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What labels are used to describe deaf people?. Deaf
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1. Master ASL Unit Two
2. What labels are used to describe deaf people? Deaf & Dumb
3. Why are those labels unacceptable? They focus on inability, they describe deaf people only in terms of their hearing loss. They fail to recognize the cultural identity of most Deaf people.
4. What labels do Deaf people prefer? Deaf
Hard of Hearing
5. What NMS can express “You’re Welcome” A head nod
6. Define Culture Culture is the total social behaviors,
values, traditions, beliefs, attitudes,
manners, institutions, products, art,
literature, language, goals, ideals,
and traits shared by a group of people
Deaf culture is the shared experiences of Deaf people with its own values, social norms (ways of doing things) a unique history, and a rich tradition of storytelling and poetry that is passed from generation to generation through the use of ASL.
7. Explain Directionality in ASL Directionality means that certain ASL verbs can change. The direction of the movement conveys the Subject and the Object in the sentence. For example: I asked you. You asked me.
I can help you. Can you help me?
Jane gave the book to me. I gave the book to Jane.
8. Social Norms are ways of doing things. Some social norms in the Deaf World are.. Deaf people have long goodbyes
Deaf people use a more direct style of feedback.
Deaf people are more open to information sharing when it benefits other deaf people in dealing with the hearing world.
Deaf people use facial expression a lot more than hearing people do.
Deaf people hug more when greeting each other.
Deaf people think eye contact is really important. Lack of eye contact is rude.
Deaf people use shoulder taps or hand wave to get someone’s attention.
Deaf people will make comments to you about your appearance.
9. Explain the use of flashing lights by Deaf people Audio devices such as phones, alarms, doorbells, etc are wired to lamps in the homes of Deaf people. When the audio is activated, the lights flash. Each different device is programmed to a different flashing pattern, so the Deaf person knows which device is signaling based on the pattern of the flash.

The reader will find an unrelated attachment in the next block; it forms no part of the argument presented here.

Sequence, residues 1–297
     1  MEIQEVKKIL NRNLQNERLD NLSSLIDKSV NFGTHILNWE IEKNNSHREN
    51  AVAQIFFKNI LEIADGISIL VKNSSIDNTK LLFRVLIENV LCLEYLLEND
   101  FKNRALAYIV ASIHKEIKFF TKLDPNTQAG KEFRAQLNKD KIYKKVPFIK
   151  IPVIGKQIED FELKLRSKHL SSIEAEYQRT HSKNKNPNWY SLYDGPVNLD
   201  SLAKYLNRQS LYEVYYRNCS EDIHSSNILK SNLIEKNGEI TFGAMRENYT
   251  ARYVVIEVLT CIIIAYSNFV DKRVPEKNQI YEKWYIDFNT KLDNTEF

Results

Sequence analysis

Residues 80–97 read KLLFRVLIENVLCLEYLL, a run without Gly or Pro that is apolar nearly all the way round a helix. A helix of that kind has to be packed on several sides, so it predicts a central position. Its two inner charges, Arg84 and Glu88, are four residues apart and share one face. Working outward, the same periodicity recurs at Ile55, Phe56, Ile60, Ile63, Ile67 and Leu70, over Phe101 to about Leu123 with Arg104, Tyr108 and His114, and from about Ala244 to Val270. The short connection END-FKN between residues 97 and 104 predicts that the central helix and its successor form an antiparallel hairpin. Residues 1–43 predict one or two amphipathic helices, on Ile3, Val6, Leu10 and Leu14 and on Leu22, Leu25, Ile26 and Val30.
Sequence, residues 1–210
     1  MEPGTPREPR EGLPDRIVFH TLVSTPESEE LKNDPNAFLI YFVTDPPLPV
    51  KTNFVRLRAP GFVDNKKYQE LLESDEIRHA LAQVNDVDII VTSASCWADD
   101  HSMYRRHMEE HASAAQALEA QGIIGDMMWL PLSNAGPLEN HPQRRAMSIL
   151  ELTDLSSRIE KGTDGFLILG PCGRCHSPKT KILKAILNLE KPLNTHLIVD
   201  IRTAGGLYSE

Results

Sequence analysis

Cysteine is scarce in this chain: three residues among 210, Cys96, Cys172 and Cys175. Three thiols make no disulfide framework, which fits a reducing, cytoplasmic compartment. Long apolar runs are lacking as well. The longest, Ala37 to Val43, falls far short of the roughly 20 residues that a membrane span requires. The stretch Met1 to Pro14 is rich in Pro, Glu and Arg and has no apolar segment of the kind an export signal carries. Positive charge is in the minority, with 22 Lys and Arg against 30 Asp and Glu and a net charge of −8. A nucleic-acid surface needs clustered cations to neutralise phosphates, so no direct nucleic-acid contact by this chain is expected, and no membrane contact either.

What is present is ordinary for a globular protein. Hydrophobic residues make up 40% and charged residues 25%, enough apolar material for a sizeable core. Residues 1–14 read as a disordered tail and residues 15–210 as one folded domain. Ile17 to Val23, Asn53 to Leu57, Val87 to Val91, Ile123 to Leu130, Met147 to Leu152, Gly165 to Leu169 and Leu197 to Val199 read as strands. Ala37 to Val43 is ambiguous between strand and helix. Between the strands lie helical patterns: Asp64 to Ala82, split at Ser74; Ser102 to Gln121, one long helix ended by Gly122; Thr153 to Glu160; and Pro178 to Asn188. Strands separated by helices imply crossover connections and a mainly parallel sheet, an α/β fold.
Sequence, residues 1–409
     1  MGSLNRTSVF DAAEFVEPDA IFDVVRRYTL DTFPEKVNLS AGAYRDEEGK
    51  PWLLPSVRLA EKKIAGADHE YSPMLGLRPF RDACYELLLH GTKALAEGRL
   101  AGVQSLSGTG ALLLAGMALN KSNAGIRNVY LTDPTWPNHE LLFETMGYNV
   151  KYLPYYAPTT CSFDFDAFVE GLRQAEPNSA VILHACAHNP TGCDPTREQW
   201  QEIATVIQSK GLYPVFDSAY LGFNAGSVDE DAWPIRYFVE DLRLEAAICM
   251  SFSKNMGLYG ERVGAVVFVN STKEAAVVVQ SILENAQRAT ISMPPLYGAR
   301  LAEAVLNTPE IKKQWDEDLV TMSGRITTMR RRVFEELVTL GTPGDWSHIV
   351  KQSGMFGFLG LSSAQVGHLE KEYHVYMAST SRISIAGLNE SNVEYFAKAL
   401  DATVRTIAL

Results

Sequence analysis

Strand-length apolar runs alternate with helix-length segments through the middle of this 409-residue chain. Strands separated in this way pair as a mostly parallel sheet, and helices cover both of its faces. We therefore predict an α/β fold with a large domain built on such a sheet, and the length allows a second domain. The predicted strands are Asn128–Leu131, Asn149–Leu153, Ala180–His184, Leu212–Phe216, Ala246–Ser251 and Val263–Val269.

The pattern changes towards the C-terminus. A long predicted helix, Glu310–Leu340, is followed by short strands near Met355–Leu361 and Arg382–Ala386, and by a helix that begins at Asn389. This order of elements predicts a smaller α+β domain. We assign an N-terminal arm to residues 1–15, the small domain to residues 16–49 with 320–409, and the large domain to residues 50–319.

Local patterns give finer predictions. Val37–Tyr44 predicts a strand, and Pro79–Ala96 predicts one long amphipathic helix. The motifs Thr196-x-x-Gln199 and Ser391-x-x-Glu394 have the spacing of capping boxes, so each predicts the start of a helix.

Flashing overhead lights is also used to get the attention of Deaf people.
10. What is Sign Variation Some signs in ASL have more than one way to produce them. The sign “THURSDAY” can be made with the “H” or with “TH”. The sign “TEST” has a few ways to sign it. Some people sign BIRTHDAY differently than others. All languages do have regional “dialects/variations. ASL is also a language with some variations.
11. What should students do when they encounter signers who use a variation of a sign? If you meet a Deaf person or another signer who uses a “variation” different from the one Mrs.. Mettling taught or used in your ASL class DO NOT say “I learned it this way” or “My teacher said it is this way” That is considered inappropriate. If you don’t recognize the variation and you don’t know the sign, ask what the sign means. Repeat the new sign back, say “I understand” and continue the conversation. This shows respect for the language and the signer.
12. Explain a Pathological view of Deafness A pathological view of deafness is a focus on the condition of lost hearing. The focus is on the mechanical function of the hearing system, what is wrong, and often how to fix or repair the lost hearing. A person with a pathological view would welcome a “cure” for deafness, and would see deafness as a disability, a handicap. They see deafness as not “normal” and want to make deaf people “normal” like hearing people.
13. Explain a Cultural View of Deafness A cultural view of deafness recognizes that this group of people have their own identity as Deaf, they have their own language, customs, behaviors, beliefs, values, traditions and ways of living that can and do differ from those who hear.
A cultural view is one of respect and acceptance of these differences without a belief that deaf people are disabled or handicapped because of their inability to hear.